- Institute of International Finance studied capital flows
- Lower rates in mature markets push investors to seek EM assets
The U.K.’s departure from the European Union may drive even more investors fleeing the developed world of near-zero rates into the arms of higher-yielding emerging markets, according to a study by the Institute of International Finance.
While the referendum vote has increased political and economic uncertainty, its negative impact was felt mainly in central and eastern Europe and is expected to have limited spillover to other emerging markets, the IIF said in its monthly report on portfolio flows.
On the flip side, fewer concerns about the Chinese economy, signs of a turnaround in developing-nation growth and a recovery in commodity prices have rekindled interest for riskier assets with higher returns, according to the report.
“Brexit could even intensify appetite for EM assets among investors searching for better yields as rates in mature markets fall to ever lower levels, fed by diminishing hopes for growth in mature economies and expectations that dovish G3 central banks will keep policy rates lower for longer,” said Charles Collyns, managing director and chief economist at the IIF.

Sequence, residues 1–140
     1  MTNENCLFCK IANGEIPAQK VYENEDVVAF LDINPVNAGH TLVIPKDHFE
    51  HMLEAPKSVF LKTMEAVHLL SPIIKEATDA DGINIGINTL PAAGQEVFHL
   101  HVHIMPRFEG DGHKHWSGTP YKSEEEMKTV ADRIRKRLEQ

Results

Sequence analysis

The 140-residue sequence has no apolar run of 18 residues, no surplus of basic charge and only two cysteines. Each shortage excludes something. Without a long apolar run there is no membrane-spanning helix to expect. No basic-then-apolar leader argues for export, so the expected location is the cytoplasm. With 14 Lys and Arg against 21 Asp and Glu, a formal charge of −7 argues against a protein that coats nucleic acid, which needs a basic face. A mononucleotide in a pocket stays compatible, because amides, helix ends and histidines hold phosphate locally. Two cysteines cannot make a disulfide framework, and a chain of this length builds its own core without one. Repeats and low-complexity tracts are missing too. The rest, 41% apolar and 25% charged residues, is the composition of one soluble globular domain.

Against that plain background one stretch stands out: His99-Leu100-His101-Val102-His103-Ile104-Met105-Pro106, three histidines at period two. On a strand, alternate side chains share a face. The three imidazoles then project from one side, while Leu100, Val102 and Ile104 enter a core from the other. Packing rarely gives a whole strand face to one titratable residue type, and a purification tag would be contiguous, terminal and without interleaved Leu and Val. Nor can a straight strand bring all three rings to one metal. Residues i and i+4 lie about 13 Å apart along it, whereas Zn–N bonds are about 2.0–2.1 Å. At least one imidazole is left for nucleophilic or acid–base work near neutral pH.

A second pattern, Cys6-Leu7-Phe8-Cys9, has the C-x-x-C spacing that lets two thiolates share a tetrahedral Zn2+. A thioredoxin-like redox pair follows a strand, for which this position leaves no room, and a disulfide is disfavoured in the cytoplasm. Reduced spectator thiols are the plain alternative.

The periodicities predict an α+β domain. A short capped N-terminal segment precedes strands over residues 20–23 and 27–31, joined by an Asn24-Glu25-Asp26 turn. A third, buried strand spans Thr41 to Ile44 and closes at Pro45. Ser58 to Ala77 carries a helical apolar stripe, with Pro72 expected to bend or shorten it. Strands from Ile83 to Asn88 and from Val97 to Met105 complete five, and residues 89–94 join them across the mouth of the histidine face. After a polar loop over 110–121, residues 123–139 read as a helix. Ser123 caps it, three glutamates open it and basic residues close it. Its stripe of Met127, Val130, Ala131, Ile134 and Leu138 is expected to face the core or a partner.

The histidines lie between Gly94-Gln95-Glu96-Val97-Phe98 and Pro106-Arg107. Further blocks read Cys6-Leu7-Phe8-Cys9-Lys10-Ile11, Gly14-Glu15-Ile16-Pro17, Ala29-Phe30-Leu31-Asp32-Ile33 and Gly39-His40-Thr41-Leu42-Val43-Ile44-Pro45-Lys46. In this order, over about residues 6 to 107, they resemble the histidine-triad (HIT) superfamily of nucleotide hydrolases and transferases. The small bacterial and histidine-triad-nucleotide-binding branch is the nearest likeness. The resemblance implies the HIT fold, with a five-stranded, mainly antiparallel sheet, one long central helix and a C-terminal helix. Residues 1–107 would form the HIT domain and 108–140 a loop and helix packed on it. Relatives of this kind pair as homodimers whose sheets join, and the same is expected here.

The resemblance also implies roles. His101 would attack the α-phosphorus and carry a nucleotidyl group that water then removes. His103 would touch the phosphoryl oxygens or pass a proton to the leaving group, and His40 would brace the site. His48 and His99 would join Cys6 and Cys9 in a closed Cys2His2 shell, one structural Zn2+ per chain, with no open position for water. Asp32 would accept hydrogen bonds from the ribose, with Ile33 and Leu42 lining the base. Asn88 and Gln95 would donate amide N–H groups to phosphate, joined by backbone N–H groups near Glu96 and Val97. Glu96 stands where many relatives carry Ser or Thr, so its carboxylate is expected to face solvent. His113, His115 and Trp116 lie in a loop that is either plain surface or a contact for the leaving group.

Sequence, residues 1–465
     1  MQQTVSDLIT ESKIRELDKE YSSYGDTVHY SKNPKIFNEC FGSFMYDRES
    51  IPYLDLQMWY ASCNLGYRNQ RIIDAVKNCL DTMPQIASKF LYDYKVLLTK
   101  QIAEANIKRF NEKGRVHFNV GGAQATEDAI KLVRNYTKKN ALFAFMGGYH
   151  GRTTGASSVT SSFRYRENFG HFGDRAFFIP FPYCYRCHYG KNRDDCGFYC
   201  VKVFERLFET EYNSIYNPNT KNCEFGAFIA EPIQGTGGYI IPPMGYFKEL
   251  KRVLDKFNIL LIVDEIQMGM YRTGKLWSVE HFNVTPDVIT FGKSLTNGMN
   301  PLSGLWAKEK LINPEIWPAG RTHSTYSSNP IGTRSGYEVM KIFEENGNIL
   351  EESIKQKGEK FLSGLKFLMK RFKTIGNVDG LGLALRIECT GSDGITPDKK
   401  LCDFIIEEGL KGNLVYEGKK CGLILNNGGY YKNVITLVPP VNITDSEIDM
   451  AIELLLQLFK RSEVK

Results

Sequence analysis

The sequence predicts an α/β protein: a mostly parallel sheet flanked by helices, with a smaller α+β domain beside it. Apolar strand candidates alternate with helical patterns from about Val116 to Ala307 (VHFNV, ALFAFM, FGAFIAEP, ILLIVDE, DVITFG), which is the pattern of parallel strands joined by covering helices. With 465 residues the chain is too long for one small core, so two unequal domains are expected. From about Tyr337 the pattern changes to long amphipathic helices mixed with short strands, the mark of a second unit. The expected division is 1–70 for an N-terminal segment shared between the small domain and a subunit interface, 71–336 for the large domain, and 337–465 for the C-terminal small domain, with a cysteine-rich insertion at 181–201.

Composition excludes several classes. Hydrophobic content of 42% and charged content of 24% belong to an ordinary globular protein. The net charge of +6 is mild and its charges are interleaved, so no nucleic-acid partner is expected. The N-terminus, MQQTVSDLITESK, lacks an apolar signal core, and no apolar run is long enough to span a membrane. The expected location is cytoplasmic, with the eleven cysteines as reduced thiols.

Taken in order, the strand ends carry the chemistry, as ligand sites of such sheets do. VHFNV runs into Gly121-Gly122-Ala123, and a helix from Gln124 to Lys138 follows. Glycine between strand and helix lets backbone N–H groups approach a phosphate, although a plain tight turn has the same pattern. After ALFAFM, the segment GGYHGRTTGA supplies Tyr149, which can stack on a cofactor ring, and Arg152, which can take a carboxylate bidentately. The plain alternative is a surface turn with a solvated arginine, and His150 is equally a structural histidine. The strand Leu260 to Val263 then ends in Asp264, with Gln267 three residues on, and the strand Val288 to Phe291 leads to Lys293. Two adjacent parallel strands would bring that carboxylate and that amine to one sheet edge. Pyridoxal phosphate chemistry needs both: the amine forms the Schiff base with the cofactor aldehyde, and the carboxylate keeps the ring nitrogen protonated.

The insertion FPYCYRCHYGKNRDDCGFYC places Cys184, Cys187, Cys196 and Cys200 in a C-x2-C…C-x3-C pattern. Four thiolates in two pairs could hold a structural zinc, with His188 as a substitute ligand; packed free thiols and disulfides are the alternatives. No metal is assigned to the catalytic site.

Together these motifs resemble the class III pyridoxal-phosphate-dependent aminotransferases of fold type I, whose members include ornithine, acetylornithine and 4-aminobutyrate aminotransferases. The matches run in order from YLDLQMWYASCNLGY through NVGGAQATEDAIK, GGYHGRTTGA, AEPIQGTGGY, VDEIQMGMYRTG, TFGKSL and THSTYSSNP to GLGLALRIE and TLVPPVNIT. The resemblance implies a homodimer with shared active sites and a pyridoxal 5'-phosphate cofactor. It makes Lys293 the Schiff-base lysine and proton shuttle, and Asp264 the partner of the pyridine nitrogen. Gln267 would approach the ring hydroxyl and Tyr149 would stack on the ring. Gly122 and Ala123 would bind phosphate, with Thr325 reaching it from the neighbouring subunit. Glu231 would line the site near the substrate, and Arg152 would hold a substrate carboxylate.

IIF estimates private, non-resident capital inflows into emerging-markets to reach $550 billion, double the rate of 2015, while outflows will be halved from last year’s level to $350 billion. The Washington-based group tracks flows for 25 emerging-market economies including Venezuela, Czech Republic, Hungary, Ukraine, and Lebanon.
Net capital outflows from China declined in the first half of 2016 to about $227 billion, or $206 billion less than outflows in second half of 2015, according to the report. IIF said it expects the People’s Bank of China to allow the yuan to depreciate opportunistically, barring “notably hawkish shifts in expectations” in the pace of the Federal Reserve’s rate hike or negative shocks to the Chinese economy.